We think we know what we believe. We think that we believe in life after death or the resurrection, or in the virginity of Mary. But mostly, belief is what we say we believe when we're being grilled by a fundamentalist or reciting the Nicene Creed. Belief is social performance. We believe we believe something when we tell others we believe it.
I have always believed in magic. Perhaps I believe in magic because I would be bored by a world limned by quadratic equations. But more than that, I don't think we'll ever be able to map the complexities that arise from the simplest of rules. There will always be room for the mystery that has propelled humanity since the inception of language.
In college, I wrote a program to describe the behavior of ants. When they found food, they laid down "pheromones" as they carried it back to the hive. Other ants would follow the pheromone trail to the food, laying down more pheromones. Based on these rules, I expected my ants to behave like flesh-drugged zombies. But what boggled my mind was when the ants appeared excited by the pheromone trail. Behavior emerged from this incredibly simple system that I couldn't explain, even though I'd coded it. I was ignorant to the complexities arising from even the simplest of rules. How much more ignorant are we in understanding the infinite complexity emerging from the human mind? Or complexities emerging from human language?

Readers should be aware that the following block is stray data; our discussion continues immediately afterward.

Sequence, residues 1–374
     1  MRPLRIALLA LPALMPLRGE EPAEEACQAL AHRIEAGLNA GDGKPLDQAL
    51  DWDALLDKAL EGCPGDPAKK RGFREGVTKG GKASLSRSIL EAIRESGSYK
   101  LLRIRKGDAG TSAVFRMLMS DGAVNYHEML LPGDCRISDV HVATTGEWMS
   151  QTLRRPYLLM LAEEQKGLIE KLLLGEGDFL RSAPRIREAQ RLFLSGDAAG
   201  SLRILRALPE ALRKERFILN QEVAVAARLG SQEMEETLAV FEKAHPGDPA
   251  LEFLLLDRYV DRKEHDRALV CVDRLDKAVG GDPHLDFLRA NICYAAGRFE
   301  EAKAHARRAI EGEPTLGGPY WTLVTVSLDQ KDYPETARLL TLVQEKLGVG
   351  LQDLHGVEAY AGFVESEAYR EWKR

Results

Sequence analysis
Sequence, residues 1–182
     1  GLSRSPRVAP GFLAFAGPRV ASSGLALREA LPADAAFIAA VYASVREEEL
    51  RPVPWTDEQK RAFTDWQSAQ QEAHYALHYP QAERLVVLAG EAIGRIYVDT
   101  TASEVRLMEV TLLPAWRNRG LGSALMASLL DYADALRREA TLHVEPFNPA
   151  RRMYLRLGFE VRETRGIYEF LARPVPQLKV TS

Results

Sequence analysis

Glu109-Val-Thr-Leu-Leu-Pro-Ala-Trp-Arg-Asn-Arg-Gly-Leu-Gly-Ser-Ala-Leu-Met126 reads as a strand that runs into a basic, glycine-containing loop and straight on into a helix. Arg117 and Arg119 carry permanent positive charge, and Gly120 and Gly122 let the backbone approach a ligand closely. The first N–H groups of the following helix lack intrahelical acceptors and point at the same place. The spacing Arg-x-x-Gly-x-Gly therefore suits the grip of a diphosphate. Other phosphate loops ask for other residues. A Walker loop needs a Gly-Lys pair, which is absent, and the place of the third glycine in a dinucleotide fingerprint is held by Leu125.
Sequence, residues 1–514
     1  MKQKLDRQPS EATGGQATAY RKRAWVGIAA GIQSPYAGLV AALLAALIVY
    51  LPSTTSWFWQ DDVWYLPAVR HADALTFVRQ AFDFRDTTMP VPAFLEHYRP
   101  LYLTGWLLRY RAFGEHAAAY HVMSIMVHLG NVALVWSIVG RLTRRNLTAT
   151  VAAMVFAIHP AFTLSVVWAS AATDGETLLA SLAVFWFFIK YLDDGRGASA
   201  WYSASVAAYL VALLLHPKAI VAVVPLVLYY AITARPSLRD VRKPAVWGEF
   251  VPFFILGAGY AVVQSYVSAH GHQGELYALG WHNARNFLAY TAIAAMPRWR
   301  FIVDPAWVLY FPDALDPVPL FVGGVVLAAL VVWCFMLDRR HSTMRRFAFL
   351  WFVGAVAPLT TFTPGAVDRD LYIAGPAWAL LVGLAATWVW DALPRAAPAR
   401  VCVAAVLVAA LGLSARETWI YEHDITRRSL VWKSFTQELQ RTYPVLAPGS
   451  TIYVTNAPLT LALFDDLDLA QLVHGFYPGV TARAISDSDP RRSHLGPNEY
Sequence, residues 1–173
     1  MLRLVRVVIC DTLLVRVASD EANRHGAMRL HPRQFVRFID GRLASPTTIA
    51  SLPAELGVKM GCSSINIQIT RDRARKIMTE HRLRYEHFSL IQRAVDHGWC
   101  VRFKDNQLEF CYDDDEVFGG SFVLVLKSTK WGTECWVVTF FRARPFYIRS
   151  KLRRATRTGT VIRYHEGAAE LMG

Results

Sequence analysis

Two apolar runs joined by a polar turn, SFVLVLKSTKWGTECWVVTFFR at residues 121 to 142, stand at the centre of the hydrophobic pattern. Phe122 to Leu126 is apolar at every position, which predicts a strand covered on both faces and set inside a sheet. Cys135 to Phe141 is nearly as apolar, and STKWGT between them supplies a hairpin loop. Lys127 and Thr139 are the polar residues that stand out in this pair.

The Grow Your Own Farm-to-Table campaign was a total success!!!! We raised $10,770, with another $1,000 and change pledged. That makes it possible to even build an iPhone application if grassroots folks want it!!! I'm overwhelmed with gratitude. So many of you responded with such generosity. So many of you helped by sharing and encouraging me. THANK YOU!!!
Definitely, I'm not one much given to joy. I'm far more likely to escape from normal with a fantasy novel than I am to delight in the cutting of vegetables and the washing of dishes.
I'm not so rare a bird as Brother Lawrence, who can practice the presence of God as easily as whistling. No, for me, practicing the presence of God in the midst of the ordinary is a thew-straining effort. Thews being what characters in fantasy novels strain when they're wielding a battle axe or rescuing a distressed maiden. Which we feminists no longer do.